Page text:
Success vs. winning
It is equally important to lay out priorities. When I read university strategy plans I am often struck by the long list of objectives – generally with limited articulation of how these are to be achieved beyond ‘hard work’.
Universities can define success in many ways – for example in terms of student success and outcomes (arguably the highest priority), or provision of key support to the local community, or supporting social mobility, or in protecting staff (perhaps, at least, avoiding involuntary redundancies). Many of these can be achieved independently of scale; some are mutually supporting – although there is also danger in laying out too many targets in case the effort focused on each is spread thin. These objectives can also be achieved independently of what a peer institution is doing; in these domains we can all succeed together.
There are other objectives that are qualitatively different: to grow student numbers (or, indeed, to hold numbers steady as competitors are trying to grow theirs), or to win key research contracts, or to climb the ranking tables. These sort of objectives are competitive – for one institution to gain a student, another must lose out. If one institution climbs from #89 to #88 in the Complete University Guide, another must fall.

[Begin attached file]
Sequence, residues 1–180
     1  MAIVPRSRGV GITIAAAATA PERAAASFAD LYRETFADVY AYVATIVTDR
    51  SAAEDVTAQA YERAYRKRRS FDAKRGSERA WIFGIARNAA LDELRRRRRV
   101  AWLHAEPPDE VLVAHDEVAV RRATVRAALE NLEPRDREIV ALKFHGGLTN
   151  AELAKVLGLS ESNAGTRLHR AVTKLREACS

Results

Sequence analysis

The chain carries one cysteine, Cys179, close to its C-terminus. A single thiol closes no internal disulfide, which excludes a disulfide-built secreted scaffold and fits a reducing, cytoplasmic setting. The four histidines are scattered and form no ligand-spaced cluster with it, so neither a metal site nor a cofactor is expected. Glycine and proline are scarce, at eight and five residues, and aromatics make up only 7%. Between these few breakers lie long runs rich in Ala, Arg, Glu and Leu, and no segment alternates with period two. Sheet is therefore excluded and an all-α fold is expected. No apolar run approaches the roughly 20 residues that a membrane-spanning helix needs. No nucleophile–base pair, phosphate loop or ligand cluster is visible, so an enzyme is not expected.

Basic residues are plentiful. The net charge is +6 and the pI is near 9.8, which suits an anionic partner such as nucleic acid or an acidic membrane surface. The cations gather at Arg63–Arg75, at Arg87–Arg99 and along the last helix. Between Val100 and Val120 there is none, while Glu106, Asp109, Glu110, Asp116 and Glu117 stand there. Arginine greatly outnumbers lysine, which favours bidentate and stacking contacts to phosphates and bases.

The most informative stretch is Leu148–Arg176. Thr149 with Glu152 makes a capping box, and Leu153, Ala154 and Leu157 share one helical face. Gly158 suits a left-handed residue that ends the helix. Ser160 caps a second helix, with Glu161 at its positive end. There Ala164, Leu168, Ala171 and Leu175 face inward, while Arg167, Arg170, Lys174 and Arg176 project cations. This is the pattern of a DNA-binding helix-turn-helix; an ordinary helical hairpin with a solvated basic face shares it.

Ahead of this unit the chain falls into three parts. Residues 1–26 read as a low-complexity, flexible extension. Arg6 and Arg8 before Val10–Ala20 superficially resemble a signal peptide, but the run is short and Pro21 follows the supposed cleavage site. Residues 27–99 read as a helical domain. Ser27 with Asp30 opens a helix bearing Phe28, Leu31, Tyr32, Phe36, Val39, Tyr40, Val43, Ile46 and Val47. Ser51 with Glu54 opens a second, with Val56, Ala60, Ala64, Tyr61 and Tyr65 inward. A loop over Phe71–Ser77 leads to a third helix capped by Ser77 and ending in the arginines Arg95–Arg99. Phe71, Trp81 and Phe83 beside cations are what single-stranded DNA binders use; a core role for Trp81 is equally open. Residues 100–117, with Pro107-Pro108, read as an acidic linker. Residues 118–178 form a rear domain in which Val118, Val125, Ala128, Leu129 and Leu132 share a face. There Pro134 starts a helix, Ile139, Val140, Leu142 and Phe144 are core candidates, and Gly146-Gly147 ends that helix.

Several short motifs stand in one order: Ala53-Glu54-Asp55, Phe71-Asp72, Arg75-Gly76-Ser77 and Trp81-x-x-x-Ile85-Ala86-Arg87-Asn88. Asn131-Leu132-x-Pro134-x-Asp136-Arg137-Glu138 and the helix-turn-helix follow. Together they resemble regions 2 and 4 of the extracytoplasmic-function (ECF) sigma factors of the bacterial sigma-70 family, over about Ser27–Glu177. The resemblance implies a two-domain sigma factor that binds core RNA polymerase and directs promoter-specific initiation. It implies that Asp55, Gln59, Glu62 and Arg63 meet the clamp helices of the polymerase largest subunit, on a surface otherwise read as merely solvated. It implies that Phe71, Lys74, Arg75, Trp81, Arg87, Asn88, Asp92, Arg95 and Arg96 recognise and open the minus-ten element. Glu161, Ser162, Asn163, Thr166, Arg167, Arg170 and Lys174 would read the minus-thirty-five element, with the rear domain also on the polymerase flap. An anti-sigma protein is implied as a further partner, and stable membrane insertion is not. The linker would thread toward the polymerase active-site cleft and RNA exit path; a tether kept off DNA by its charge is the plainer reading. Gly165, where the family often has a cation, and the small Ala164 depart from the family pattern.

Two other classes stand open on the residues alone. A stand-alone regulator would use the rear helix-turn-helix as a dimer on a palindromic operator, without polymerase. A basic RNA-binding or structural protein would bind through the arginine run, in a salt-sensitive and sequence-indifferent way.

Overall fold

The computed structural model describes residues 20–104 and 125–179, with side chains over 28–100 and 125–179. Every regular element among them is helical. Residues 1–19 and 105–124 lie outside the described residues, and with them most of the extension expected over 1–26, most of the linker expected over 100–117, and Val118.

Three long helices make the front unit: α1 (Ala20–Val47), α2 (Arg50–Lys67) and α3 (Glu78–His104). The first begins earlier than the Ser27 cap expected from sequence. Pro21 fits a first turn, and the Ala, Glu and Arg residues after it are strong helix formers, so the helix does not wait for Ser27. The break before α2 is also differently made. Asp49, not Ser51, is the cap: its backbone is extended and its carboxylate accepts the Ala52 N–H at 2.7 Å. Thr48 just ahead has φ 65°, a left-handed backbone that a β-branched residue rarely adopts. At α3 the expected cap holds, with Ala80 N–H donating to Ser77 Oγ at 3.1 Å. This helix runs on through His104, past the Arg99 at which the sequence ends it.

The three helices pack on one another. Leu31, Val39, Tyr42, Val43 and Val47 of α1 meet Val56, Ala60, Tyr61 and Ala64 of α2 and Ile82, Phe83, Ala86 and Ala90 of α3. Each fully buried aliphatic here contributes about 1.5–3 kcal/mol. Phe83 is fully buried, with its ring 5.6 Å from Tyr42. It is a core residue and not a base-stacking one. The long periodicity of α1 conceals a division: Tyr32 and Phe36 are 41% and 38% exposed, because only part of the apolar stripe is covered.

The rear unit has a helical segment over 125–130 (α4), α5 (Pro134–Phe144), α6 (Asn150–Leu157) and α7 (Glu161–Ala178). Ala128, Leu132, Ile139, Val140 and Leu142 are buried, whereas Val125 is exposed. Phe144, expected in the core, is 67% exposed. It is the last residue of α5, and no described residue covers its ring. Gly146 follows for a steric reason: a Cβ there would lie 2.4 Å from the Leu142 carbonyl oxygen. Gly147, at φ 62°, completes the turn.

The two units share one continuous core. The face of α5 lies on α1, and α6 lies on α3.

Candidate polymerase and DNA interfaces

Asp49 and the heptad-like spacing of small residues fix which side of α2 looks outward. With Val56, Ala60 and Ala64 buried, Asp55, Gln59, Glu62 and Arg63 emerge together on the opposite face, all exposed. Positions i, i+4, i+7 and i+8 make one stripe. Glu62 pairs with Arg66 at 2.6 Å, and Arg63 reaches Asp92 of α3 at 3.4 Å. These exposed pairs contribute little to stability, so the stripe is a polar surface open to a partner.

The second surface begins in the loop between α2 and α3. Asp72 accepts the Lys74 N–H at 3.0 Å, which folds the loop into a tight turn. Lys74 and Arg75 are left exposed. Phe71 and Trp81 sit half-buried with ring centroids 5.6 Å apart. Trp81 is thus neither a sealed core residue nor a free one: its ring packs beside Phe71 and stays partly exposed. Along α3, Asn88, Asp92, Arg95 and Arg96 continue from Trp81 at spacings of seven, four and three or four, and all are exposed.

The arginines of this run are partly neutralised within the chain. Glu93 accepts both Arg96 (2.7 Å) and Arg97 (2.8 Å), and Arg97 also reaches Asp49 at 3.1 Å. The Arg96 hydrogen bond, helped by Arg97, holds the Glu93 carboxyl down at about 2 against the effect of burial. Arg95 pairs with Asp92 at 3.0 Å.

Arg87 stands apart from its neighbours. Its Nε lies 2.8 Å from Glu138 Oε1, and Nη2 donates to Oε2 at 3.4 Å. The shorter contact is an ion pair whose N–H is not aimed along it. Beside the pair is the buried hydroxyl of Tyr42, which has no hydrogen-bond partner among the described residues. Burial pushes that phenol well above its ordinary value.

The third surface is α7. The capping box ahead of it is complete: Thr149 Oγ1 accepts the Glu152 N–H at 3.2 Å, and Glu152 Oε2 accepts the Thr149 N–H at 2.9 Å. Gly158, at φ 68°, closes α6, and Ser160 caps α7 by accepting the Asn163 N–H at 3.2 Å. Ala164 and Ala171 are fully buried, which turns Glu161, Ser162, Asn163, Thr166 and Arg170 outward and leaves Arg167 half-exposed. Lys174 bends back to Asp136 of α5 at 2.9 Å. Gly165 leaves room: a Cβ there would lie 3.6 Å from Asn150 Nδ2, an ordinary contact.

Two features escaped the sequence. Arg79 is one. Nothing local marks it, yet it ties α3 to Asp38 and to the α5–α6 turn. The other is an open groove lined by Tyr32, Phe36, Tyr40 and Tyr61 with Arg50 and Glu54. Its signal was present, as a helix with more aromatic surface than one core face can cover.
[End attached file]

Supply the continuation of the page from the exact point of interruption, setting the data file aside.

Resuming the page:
In the environment that we have described, where there may be a number of empty seats (or beds), we have found that many institutions are focusing on these competitive objectives – i.e. on winning. This requires a different mindset, a different model of leadership, planning and strategy. In this sort of domain, we cannot all win together.
Ian Koxvold will be speaking at a special HEPI half-day conference on ‘Valuing higher education – how best to safeguard investment in the sector’ hosted by PwC in London on the morning of 18thOctober. For further details please contact Sarah Isles on [email protected].